Rendang is a popular dish of meat stewed in coconut milk and spices, commonly found in Malaysia, Singapore and Indonesia. It has a long history in the region with distinct versions unique to individual Malaysian states that use different ingredients for the rempah (Malay for “spice mix”), thus resulting in differing flavours to the meat.

The meat, usually beef but sometimes chicken or mutton, is stewed in coconut milk with spices such as ginger, chillies, galangal (blue ginger), lemongrass, garlic, shallots, kaffir lime leaves and turmeric. A wide rather than a deep pot is preferred to allow the milk to evaporate during a slow boil of up to three hours. Skill is required to ensure the liquid does not overboil and cause the milk to curdle. However, if the fire is too low, the meat could burn. Correctly cooked, the liquid will thicken into the distinctive rendang gravy. This cooking process has several purposes – it adds flavour to the meat as it is braised in the spices; it softens and tenderises the meat as the dish dries up; and it enhances the preservation of the dish, allowing it to remain edible even two to three days later without refrigeration or up to two weeks in the refrigerator. The dish is best eaten with rice and is sometimes consumed with ketupat (steamed pressed rice). It is more often served in hawker centres as one of several dishes in nasi padang.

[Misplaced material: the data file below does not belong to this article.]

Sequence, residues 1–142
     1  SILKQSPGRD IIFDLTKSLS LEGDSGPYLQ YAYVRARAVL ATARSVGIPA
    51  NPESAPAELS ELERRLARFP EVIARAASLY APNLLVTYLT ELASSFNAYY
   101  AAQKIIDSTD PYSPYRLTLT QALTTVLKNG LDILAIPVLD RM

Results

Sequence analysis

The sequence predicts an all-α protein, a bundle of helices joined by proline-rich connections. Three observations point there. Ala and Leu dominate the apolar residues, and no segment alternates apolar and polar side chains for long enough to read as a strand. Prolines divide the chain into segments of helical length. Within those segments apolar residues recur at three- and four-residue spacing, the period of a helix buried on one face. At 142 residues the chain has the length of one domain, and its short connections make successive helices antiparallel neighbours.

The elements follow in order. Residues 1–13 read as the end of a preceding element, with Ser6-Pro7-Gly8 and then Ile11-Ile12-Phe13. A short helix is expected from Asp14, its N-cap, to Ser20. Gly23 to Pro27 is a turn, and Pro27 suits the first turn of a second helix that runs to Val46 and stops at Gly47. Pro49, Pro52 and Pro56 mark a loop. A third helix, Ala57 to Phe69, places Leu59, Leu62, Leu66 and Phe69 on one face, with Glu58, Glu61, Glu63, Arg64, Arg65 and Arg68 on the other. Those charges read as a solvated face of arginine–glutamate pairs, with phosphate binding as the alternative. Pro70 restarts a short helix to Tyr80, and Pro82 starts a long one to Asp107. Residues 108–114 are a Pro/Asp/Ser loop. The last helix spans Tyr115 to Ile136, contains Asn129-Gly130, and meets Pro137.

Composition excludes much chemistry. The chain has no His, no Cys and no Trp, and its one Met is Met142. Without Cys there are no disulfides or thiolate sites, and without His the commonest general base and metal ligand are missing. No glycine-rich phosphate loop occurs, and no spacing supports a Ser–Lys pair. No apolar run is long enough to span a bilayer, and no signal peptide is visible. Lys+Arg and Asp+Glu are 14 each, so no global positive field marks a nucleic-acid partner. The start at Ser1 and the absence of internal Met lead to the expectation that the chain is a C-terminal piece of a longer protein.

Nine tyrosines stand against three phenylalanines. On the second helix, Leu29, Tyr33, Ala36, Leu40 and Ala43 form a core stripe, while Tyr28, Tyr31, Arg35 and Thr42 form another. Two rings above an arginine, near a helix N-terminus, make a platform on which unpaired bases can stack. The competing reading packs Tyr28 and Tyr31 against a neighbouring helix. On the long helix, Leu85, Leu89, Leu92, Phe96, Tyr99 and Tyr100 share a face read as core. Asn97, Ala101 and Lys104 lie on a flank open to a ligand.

Rendang is believed to originate from West Sumatra and water buffalo was traditionally used as the meat. The dish signifies the wealth of the person or community that can afford to put down a water buffalo for consumption. Water buffalos, however, tend to be tougher than common beef found in most Western countries. To make it more palatable, the meat of the buffalo is thus cooked on a low temperature over a long period of time, and braised in coconut milk and spices until it becomes a dry curry. As the whole buffalo was prepared, the dish was cooked in large quantities, often using a large wok. Rendang was originally wrapped in plantain or banana leaves for consumption on long journeys.

The dish today is considered a celebratory meal, served regularly during Hari Raya, a major feast day amongst Muslim Malays, and at Malay weddings. It is eaten with rice or a staple like lontong.